EclipseNepal’s southern border with India was created 150 years ago by external parties who probably did not realise they were cutting communities in two.
Nepal’s southern border with India was created 150 years ago by external parties who probably did not realise they were cutting communities in two.
In India, federalism has existed for a long time, providing communities with self-realisation. But on the Nepali side, the ruling class has emphasised cultural assimilation in order to create a unitary Nepali identity. But in the populous open border region, where Nepalis and Indians share marital ties, cultures, languages and histories, the promise of federalism has given way to a rhetoric and ideology based on ethnic identity.
Among these communities, are the Madhesis, who like many others struggle with their identity. “When we go to Raxaul in India, we are identified as Nepalis and when we go past Simara, further north into Nepali territory, we are called Biharis. After all, we must belong to a country. Who are we? We are seeking our identity,” says Saroj Yadav, a young Madhesi man from a small village close to the border in Parsa.
The search for identity is a question Madhesis are confronted with but is hardly acknowledged, let alone addressed by the establishment even after the creation of the Federal State of Nepal.
In 2015, a sizeable portion of the marginalised Madhesi community protested against the government in the streets of Birgunj. They were demanding fair treatment by the state in the form of equal constitutional rights, as well as a larger sanctioned territory, as the current division of federal states cuts through their ancestral lands. This agitation led to a terrible confrontation with the police which eventually forced them to stage their protest in no-man’s-land, disrupting the Nepal-India customs gateway. During this uprising, 58 lives were lost to bullets fired by the government forces trying to suppress the movement.
“We did not cast votes in the ballot to receive a bullet! Nepal can only sustain a bright future when the marginalised, Dalits, minorities and privileged majorities are reflected equally in the mirror of the state,” says Professor Bhagya Nath Gupta, a senior political figure of the Madhes Movement.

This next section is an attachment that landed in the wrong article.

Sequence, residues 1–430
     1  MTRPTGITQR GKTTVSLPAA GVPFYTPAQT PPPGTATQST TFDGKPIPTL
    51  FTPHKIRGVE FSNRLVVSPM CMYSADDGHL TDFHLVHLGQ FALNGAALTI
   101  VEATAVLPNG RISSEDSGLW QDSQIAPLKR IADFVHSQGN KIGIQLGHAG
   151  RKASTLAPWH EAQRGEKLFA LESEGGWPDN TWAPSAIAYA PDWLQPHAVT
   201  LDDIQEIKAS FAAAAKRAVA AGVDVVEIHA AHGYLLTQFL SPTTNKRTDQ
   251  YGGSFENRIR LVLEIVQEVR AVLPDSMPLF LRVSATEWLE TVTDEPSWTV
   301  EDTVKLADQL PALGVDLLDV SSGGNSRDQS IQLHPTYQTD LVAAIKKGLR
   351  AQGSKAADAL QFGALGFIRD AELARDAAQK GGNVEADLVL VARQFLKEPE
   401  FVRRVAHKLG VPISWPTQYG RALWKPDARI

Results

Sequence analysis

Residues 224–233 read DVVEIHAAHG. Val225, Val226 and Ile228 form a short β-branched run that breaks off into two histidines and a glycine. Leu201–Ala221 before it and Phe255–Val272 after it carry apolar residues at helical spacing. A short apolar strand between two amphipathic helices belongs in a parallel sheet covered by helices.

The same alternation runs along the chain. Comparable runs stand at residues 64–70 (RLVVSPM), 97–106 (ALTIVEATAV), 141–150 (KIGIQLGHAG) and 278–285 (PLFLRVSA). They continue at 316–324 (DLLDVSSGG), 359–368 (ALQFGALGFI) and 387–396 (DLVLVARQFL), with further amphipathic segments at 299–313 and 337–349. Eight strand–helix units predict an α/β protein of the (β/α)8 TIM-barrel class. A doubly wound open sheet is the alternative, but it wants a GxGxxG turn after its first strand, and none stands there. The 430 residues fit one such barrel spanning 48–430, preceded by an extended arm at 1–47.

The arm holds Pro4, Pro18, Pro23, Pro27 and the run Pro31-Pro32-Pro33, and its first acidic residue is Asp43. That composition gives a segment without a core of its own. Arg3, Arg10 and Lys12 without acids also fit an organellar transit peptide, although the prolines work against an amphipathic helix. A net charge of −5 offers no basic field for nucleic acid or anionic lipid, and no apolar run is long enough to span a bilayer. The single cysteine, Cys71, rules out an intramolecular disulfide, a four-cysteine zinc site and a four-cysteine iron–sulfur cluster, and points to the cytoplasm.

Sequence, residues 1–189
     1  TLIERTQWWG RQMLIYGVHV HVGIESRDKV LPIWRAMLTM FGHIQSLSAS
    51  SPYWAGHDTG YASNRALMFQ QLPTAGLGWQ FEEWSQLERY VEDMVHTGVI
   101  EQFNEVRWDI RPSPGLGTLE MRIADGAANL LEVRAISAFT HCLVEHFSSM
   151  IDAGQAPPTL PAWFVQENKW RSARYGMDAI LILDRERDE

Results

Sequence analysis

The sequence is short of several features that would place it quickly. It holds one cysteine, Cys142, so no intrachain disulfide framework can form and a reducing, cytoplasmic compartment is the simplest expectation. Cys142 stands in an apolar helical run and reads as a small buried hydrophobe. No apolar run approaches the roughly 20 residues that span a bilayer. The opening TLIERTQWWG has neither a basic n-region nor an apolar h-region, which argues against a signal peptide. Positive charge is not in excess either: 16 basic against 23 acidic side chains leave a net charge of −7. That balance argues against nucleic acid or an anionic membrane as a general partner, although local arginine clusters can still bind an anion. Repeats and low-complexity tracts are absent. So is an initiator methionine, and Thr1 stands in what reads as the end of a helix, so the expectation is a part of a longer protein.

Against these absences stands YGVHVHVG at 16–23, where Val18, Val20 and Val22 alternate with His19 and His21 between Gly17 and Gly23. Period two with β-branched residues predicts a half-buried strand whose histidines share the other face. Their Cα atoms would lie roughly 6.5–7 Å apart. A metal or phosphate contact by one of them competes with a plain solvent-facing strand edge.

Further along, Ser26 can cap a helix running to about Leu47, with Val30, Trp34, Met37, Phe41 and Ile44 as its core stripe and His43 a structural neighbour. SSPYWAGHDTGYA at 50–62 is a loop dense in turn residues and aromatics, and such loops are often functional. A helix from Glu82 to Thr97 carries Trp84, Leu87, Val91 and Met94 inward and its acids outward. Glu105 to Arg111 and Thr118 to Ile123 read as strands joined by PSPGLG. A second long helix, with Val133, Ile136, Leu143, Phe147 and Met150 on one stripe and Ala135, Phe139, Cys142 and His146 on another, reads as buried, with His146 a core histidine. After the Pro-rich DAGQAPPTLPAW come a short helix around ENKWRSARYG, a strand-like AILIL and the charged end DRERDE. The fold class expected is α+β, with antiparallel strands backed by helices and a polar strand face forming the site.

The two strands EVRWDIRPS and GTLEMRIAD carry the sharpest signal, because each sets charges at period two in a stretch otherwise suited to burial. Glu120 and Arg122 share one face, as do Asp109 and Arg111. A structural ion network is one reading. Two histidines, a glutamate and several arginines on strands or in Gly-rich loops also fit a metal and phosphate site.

Every time Madhesis have displayed their discontent, the government has resorted to violent suppression, resulting in a rise of feelings of detachment and radicalism among many Madhesi youths. During the four month-long economic blockade of 2015, a young Madhesi cadet, during the no-man’s-land protest, said, “This is our ultimate battle, like Bangladesh separated from Pakistan, if our demands aren’t addressed, Madhes will separate itself from Nepal.”
The reluctance of the political class, primarily hill Hindus, to acknowledge the authenticity of the Madhes in the Terai plains, certainly hasn’t had a calming effect.
This photo project, Eclipse, is an open-ended exploration of a core sentimental value that the Madhes Movement has raised and the peoples’ hope for a more egalitarian and secure future.
Eclipse received a Magnum Foundation Grant in 2018 to further develop the project.
A young boy during winter in Birgunj.
Skin covered with mud, a local man in Janakpurdham.
A kid and a dead crow at the Nepal-India border in Thori, Parsa.
A boy in a burning field, Bhairahawa.
Bambaiya was his name and he wanted me to buy his fish. Fish Market, Birgunj.
Budi Pul, Biratnagar.
A matrimonial meeting, Biwahamandap, Janakpurdham.
Mother of hte youngest martyr of the Madhes Movement lives in this house, Birgunj.
Stones in the street along the Ghantaghar, Birgunj.
A broken side of a building. During the state visit of Indian Prime Minister Narendra Modi to Janakpur. This broken part was covered with a huge portrait of Narendra Modi and his Nepali counterpart Prime Minister KP Sharma Oli.